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A fruitful project launch

By Michelle LaBrosse

Executive Summary
Launching a project can be accomplished quickly and effectively with the proper focus and tools. Getting the right team together, advance preparation, using a skilled facilitator and avoiding bumps in the road can make your project launch a success.

There are few instances where the saying “Well begun is half done” is more applicable than in project management. The project planning and launch phase is the foundation on which the project proceeds; yet many managers spend either too little time on planning (and pay for it later) or suffer from “paralysis by analysis” – overthinking the process in a way that loses deadline time that must be made up for later.

When launching a project, it’s possible to navigate a middle course that combines a skilled facilitator and the group knowledge of the team in a way that creates a project plan quickly and effectively. The project team members become a force multiplier that gathers all the relevant information and creates plans in which each step builds easily upon the previous step. The data collected as a result of the planning also speeds the creation of the project schedules and the project. The consensus approach also speeds buy-in by relevant stakeholders as well.

This fast-moving model for project launch borrows elements from the Joint Application Design (JAD) approach developed by Chuck Morris of IBM Raleigh and Tony Crawford of IBM Toronto in the late 1970s. Originally, JAD was designed to bring system developers and users of varying backgrounds and opinions together to meet and discuss how to obtain quality requirements and specifications. Since then, JAD has evolved to meet the needs of projects and project managers in a variety of fields beyond IT. It is most effective for small, clearly focused projects, projects that can be launched in one to three days providing the right team is present and properly prepared.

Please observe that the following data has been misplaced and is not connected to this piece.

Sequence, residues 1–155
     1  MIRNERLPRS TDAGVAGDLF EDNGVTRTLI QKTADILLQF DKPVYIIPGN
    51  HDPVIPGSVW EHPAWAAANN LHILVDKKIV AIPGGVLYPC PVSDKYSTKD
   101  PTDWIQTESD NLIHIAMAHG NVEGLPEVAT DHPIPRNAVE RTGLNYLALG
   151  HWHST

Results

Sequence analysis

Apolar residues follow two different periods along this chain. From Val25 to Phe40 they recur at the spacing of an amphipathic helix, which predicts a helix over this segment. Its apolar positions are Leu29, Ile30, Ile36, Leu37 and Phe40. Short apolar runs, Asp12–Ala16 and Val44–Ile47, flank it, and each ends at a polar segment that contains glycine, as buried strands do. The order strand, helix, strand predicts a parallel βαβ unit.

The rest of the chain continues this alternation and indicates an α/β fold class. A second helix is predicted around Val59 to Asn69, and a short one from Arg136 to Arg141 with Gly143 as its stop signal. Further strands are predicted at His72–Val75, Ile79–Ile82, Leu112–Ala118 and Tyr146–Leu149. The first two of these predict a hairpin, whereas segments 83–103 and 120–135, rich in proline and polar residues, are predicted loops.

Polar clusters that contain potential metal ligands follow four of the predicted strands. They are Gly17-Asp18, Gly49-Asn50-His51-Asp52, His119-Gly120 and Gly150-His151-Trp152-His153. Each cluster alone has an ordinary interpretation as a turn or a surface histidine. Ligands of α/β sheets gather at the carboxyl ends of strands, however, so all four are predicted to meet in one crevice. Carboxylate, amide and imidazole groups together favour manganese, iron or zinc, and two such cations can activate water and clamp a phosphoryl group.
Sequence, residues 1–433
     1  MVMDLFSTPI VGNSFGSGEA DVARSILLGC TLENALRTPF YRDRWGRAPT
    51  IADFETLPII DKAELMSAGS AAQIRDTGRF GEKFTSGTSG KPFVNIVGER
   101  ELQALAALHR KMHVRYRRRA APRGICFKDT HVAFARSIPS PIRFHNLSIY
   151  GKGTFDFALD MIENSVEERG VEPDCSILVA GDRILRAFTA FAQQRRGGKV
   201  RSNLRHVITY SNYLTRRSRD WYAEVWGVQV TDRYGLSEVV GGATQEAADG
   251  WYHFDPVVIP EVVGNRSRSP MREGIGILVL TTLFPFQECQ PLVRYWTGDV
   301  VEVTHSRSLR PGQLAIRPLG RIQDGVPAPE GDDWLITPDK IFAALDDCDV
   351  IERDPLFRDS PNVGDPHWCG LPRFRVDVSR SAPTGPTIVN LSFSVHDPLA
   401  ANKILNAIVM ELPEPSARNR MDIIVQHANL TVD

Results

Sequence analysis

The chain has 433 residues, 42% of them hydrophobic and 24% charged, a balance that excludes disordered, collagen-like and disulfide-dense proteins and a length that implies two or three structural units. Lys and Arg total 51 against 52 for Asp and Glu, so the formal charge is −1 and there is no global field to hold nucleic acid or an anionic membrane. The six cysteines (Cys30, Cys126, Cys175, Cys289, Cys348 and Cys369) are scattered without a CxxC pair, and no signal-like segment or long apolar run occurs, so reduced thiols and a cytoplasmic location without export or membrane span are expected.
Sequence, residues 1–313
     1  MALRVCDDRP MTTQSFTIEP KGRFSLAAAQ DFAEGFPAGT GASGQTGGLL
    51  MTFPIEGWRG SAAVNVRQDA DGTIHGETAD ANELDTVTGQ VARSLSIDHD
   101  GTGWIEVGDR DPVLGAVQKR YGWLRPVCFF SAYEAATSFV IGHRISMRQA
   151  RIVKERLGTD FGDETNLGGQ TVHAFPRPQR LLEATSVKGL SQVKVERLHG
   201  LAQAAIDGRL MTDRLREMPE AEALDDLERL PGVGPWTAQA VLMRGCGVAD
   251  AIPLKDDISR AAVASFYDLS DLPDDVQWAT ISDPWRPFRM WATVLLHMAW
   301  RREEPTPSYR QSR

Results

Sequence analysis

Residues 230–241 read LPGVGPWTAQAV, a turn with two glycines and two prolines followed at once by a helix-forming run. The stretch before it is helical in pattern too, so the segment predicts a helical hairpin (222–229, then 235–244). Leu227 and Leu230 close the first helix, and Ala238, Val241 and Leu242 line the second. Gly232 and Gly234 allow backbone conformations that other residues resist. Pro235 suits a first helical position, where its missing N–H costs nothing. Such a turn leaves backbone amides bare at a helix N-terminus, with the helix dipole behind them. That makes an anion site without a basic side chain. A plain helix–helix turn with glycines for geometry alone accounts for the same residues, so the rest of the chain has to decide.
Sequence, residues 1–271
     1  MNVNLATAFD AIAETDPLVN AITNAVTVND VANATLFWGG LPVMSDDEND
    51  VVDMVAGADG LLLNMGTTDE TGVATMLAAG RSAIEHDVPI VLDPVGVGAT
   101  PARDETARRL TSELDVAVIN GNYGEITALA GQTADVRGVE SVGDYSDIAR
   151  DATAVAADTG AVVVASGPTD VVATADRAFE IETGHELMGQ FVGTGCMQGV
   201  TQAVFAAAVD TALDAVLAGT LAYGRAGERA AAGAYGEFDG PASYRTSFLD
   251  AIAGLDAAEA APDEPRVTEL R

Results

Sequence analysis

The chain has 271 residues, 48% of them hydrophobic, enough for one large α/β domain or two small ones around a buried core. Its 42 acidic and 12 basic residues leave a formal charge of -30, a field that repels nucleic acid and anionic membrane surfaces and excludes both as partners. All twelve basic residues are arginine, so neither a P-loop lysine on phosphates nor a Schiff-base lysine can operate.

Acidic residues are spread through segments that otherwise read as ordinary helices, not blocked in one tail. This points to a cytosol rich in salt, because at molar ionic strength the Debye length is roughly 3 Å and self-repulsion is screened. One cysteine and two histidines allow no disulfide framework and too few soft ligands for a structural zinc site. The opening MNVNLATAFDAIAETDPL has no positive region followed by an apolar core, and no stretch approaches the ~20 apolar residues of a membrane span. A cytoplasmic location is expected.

Assembling the right team

One key element of fast-moving projects that JAD pioneered and project managers have adopted is a somewhat unusual selection process for attendees. Other brainstorms or workshops include the implementation team (which ideally should include end-users and people from other business units), with perhaps a “guest appearance” by the appropriate senior manager. The most senior staffer runs the meeting.

Project launches get off the ground more quickly, however, with a different approach – a more limited headcount, an active role for senior management and a leadership role for someone who has no relationship with the project – or perhaps the company – at all. Meetings move more quickly when there are no more than seven to 10 participating (as opposed to observing or recording) attendees who can advance the ball of creating a project charter quickly. The key members of a fast launch team and their roles are as follows.

  • The project sponsor. The executive who “owns” the project and is its champion must actively be involved from the very start. The sponsor must have the authority to assemble the team for the brainstorm, must have the seniority and knowledge to advise on scope and strategy during the launch meeting, and must have the authority to make decisions and allocate resources for the project. The sponsor’s participation from the very start helps ensure that the project remains on strategy and has sufficient resources to achieve the goal.